Joseph Kabila, the president of the Democratic Republic of the Congo, and his family own, either partially or wholly, more than 80 companies and businesses in the country and abroad, according to a new report by New York University’s Congo Research Group and the Pulitzer Center on Crisis Reporting.
The findings, which mark the first rigorous overview of the assets belonging to Kabila and his family, raise a number of conflict-of-interest questions, say the authors of the report, “All the President’s Wealth.”
“The aim of this research is to help generate greater accountability, which will only come with pressure on Congolese elites and their international business partners to ensure ethical behavior,” says Jason Stearns, director of the Congo Research Group.
“Without greater transparency, more pressure on elites to render them accountable, and clearer legislation regarding conflicts of interest, good governance will remain a distant aspiration.”
A complete copy of the report, which is based on 20 months of research and almost entirely on official Congolese documents, may be downloaded here. The website features additional information on the business network, as well as many of the documents on which we have based our research.
The family has invested in almost every part of the Congolese economy, including farming, mining, banking, real estate, telecommunications, and airlines. The report finds the following:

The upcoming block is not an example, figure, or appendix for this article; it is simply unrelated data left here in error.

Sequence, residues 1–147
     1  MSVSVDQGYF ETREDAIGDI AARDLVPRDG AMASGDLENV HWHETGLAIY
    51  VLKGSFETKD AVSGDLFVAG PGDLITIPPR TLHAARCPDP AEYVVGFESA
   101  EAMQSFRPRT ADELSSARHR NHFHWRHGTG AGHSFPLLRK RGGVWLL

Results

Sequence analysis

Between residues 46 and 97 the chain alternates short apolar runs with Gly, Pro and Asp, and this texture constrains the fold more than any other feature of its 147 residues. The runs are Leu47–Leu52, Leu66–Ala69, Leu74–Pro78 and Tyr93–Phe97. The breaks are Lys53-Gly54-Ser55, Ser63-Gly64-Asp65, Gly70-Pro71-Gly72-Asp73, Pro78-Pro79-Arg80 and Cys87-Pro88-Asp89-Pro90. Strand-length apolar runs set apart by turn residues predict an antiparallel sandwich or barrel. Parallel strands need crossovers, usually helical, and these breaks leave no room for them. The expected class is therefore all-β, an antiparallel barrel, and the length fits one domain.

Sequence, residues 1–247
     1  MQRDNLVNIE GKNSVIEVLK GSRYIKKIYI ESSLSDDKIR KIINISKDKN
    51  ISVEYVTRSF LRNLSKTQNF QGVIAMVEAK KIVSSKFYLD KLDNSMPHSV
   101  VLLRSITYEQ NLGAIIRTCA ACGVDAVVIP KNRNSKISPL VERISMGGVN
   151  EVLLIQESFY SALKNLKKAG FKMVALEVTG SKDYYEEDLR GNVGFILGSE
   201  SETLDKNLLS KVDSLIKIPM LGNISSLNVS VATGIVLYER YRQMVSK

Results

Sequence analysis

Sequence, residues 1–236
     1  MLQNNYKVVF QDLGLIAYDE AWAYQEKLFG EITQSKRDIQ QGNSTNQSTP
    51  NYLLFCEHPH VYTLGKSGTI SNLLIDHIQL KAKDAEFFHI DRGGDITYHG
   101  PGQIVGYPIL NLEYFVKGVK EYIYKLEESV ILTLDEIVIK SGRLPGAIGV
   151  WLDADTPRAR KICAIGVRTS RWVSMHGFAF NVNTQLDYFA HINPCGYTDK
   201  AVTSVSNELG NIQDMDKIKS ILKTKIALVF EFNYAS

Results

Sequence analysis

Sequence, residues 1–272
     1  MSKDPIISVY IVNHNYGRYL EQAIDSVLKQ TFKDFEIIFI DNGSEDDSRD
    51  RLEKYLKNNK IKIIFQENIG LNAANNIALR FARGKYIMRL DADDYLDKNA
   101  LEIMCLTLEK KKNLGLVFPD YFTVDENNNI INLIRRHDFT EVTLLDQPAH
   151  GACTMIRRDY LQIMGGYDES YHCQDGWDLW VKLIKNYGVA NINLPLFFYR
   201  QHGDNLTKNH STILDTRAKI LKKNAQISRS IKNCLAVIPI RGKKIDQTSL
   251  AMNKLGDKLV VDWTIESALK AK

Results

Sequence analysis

President Kabila directly, and through a company he owns with his children, holds more than 71,000 hectares (175,444 acres) of farmland.
Two companies that belong to the family own diamond permits that extend for more than 450 miles along Congo’s southern border with Angola.
Jaynet Kabila, the president’s sister and a member of parliament, owns a stake in the country’s largest mobile phone network, while their brother Zoé, who is also a parliamentarian, owns companies that have been contracted to work on some of the world’s richest mineral deposits.
Congo’s Ministry of Mines has granted a company controlled by the president’s sister, Jaynet Kabila, more mining permits than allowed under the country’s mining code.
Family companies have benefitted from large state contracts, including for the issuing of drivers’ licenses.
“The Congo is currently in the middle of a political crisis,” observes Stearns. “President Kabila, who has been in power since 2001, was supposed to step down last year after 15 years in power, but delays in the electoral calendar make it unlikely for elections to be held for at least another year.
“This report, however, points to political problems of governance that go beyond the peaceful and democratic transfer of executive power. Elections alone will not be enough to redress the violence, poverty, and corruption afflicting the country.”
To address the concerns raised by the Congo Research Group’s research, Stearns and his colleagues offer nearly a dozen recommendations, which include: the passage of laws ensuring transparency of private ownership; clarifications on what constitutes conflicts of interest under the nation’s governing structure; and the Kabila family placing their private business interests in an independently managed trust.
The Congo Research Group is a research and policy organization that aims to shed light on the dynamics driving conflict in the Democratic Republic of Congo. It carries out investigative research that aims at empowering Congolese to hold their own leaders and foreign donors accountable. Policy reports, podcasts, and regular blog posts can be found at www.congoresearchgroup.org.